EL PAÍS launches a new online design

The latest iteration of the website strengthens in-house content and new narratives, gives the opinion section more weight, and invites the reader to make discoveries thanks to a flexible layout

How the new design looks on the screen.
How the new design looks on the screen.

On Saturday, EL PAÍS concluded an important cycle in its transformation process, aimed at tackling the most immediate challenges both in terms of its editorial and business strategies. The launch of an ambitious new online design arrived this weekend a year-and-a-half after a digital subscription model was implemented, along with a new technology platform on which the newspaper’s website runs. EL PAÍS now counts on a new look, although the reality is that this is a much more substantial and transformative change.

In a world of news that is chaotic and incessant, and that is prone to creating bubbles, the newspaper is committed to taking its own view, a more selective and ordered one, where in-depth reporting and exclusives sit side-by-side with breaking news, and also with discoveries. Journalism where sacrificing quality is not an option, and that seeks to continue to attract new readers without sacrificing a shred of rigor or high standards.

Over the 17 months since the subscription model was launched, 120,000 readers have become digital subscribers to EL PAÍS, joining the nearly 35,000 who are subscribed to the print edition, as well as the community of millions of citizens who read, watch or listen to the media outlet the world over.

With nearly 400 journalists and editions in Spain, America, Mexico and Brazil, EL PAÍS is the major reference point in Spanish, according to the Reuters Institute, as well as being the most-read in the world in its language. It also publishes content in Portuguese, Catalan, and of course, in English.

Since the last redesign, which was launched nearly six years ago, online newspapers have experienced accelerated change. Video has matured, audio has exploded, infographics and data now have more importance than ever, newsletters have become the new blogs, Instagram is another place to showcase our best journalism, and big data and artificial intelligence are starting to set out a path for the future.

The redesign of EL PAÍS highlights some of these changes and makes preparations for what is to come. The old paradigm of the internet in which speed and high levels of production dominated have made way for the emphasis on a unique personality while making use of the tools of the internet and the knowledge of the audience.

When the EL PAÍS team began to work on this project a year ago, thinking about what the newspaper should be in the times in which we live, it was clear from the very first meeting that the axis around which the entire redesign had to revolve was the reader – in particular, the faithful reader of EL PAÍS, with their interests, needs and aspirations.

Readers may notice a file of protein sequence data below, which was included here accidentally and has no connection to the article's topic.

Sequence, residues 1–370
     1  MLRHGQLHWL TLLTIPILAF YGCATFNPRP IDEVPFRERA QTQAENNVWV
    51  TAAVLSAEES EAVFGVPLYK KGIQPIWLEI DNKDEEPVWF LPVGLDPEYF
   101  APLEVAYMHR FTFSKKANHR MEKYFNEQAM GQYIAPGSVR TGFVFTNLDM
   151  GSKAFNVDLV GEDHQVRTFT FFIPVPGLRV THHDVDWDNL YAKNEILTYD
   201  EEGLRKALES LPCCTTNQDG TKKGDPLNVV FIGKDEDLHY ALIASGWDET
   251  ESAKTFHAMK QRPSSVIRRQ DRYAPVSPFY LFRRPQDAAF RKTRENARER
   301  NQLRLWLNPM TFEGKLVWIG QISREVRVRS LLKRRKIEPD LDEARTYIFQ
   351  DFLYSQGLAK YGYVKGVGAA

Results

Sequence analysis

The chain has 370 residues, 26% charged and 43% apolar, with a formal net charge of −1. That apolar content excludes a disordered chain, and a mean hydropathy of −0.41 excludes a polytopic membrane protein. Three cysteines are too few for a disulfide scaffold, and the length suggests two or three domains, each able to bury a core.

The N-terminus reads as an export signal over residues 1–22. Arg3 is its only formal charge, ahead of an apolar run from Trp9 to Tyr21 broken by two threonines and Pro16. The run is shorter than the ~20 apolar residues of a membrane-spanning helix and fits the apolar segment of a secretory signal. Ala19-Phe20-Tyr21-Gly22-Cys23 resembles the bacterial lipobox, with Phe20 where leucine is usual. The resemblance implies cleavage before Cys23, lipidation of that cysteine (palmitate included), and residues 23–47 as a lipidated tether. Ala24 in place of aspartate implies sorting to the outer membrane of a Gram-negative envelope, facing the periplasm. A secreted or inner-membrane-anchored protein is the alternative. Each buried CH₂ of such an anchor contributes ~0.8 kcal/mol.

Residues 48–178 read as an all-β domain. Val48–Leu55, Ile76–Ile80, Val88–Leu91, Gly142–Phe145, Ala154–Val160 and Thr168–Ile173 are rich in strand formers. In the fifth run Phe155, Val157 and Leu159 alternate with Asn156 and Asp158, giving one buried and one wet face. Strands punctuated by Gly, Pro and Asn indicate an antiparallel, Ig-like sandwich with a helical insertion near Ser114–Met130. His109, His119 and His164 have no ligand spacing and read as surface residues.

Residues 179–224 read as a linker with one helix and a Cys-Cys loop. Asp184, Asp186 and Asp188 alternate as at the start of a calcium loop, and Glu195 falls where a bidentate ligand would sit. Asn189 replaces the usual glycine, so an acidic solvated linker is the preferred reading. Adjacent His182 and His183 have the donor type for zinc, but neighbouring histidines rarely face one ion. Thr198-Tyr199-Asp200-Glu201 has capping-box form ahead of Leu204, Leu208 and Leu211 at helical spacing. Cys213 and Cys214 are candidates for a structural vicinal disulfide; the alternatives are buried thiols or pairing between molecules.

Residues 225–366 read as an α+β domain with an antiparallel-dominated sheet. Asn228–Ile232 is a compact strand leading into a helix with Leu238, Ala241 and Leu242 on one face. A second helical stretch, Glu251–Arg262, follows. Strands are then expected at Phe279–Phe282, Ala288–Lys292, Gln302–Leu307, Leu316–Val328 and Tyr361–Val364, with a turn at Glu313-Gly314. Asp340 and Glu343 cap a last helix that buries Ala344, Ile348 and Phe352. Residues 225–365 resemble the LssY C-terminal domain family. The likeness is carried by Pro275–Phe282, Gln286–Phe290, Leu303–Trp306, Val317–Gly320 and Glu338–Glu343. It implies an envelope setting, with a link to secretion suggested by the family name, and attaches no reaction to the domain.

How does that reader navigate the website? Via the front page, the sections, the articles they find via Google, or using social media? Do readers prefer us to surprise them or do they need a traditional hierarchy inherited from the print edition? And what can we contribute, as editors, as curators, beyond their demands? Do they need all of the information that we offer today or is our job now to be more selective with what we offer? How do we take care of subscribers and persuade those who are yet to sign up? How do we balance out the different sources of income to make the whole project sustainable?

These and other questions have been addressed over recent months by a multidisciplinary team from EL PAÍS. On the way, we have also been accompanied by experts and professionals from relevant areas of society, who have made a contribution. And we have always moved forward hand-in-hand with the readers.

It’s a continuist design in visual terms, but structurally it’s new
Fernando Hernández, director of digital art at EL PAÍS

When you, the readers, log on to EL PAÍS via your desktop computer, your laptop or your cellphone, you will find a website that takes greater advantage of the different screen sizes. You won’t get lost, because the classic sections remain. But, at the same time, you will discover more space for flexible areas that will be changed as the days pass, and are designed for tailored content and not the same sections.

You will also find the Opinion section higher up, bringing you columns and analysis. And you will get to know a little better the journalists who write the stories, with their image and short biographies. You will see text, but there will be more and more audio, quality video, fewer photos but a more relevant selection, and many visual narratives that combine everything to benefit the stories.

“It’s a continuist design in visual terms, but structurally it’s new,” explains Fernando Hernández, director of digital art at EL PAÍS. “It’s easier to navigate, clean and simple, with the idea that the reader continues to feel at home. The content is the protagonist, and not the visual flair.”

The newspaper’s font has also evolved, based on the current Majerit, but more stylized and created for better reading on screens.

In this redesign process, we are not only launching a new image, but also have worked to increase the speed of the page. The launch will be completed in the coming weeks with new applications for Apple and Android, and from EL PAÍS we will be collecting the opinions of the readers in order to continue to improve the user experience.

English version by Simon Hunter.

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